"Telling Stories is the Most Powerful Thing": Kony 2012 and Narrative [Dis]Unity
by Justin Owen Rawlins and Zenia Kish — Indiana University; New York University
August 17, 2012 – 00:00
One of the year’s most polarizing media spectacles followed the March launch of Invisible Children’s video “Kony 2012.” Written, directed, and narrated by co-founder Jason Russell, "Kony 2012” was viewed more than 100 million times within six days of being posted online. Russell is both authoritative narrator and emotional touchstone, inviting audiences into intimate—and infantilizing—conversations that distil complex Ugandan history for his five year-old son, and presumably, for us. The video’s circulation was unprecedented. In a national poll taken days after its release, over half of young people in the United States had heard of the campaign.
Cited as both the acme of viral marketing genius and the ultimate spectacle of white U.S.-saviorism, vigorous debate ensued. Commentators dissected the campaign’s historical claims, representational politics, and pro-military advocacy. Belying its reception, however, this November 2011 video of Russell speaking at Liberty University draws out the underlying evangelical agenda driving the “Stop Kony” campaign. For the organization, storytelling is the most powerful social unifier, the moral mission exemplified by Jesus. Moreover, it is the only way to get people to do anything, individually or collectively, to positively change the world. It is precisely by reaching the “hearts and minds” of the uninitiated through storytelling that Russell argues one can avoid polarizing audiences. “Kony 2012” thus imagines itself as the spark igniting a new, universal revolution to end human suffering.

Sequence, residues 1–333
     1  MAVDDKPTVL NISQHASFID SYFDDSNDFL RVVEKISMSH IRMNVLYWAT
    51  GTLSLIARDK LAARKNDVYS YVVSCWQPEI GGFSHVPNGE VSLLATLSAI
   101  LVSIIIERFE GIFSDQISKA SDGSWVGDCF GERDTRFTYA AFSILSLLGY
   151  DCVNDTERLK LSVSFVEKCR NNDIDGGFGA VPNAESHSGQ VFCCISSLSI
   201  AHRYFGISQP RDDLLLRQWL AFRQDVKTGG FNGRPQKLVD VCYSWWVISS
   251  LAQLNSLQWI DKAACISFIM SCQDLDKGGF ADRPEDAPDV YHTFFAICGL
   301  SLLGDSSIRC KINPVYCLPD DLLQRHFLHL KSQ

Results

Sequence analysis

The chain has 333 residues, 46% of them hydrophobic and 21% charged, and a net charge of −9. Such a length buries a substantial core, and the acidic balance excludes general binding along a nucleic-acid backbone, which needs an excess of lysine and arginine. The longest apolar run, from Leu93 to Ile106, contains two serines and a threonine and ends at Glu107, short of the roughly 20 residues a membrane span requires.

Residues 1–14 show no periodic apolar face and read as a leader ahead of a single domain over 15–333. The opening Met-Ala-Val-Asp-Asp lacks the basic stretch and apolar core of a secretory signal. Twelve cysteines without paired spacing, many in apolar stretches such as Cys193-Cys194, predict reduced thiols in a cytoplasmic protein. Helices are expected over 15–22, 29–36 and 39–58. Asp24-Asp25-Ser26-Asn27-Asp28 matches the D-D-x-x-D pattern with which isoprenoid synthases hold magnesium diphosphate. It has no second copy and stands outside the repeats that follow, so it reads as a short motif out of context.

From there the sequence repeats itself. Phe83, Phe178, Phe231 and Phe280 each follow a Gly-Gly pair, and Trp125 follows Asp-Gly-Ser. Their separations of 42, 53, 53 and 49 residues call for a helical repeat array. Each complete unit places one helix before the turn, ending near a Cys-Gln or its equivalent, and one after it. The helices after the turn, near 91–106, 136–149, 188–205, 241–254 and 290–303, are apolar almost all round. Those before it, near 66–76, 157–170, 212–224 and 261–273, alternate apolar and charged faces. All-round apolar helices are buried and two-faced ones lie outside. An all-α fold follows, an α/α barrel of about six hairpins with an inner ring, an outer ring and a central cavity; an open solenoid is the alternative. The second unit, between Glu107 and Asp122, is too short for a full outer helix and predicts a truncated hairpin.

In effect, Russell & Co. trade in explicit religiosity for ostensibly secularized narratives of social justice. This universalizing sleight of hand, however, is one of the oldest colonial tricks in the book and many balked at its naïveté and affected emotion. By occluding the subjectivity, experience, and aspirations of Ugandans themselves, how could Invisible Children’s “universal” appeal ever work when it reproduces the very invisibility it organizes against? “Kony 2012” thus raises important questions about how a coalitional politics of social justice involving a totalizing ideology such as evangelical Christianity could ever take shape without inciting the polarizing effects that arise when one community sets out to save the world in its image.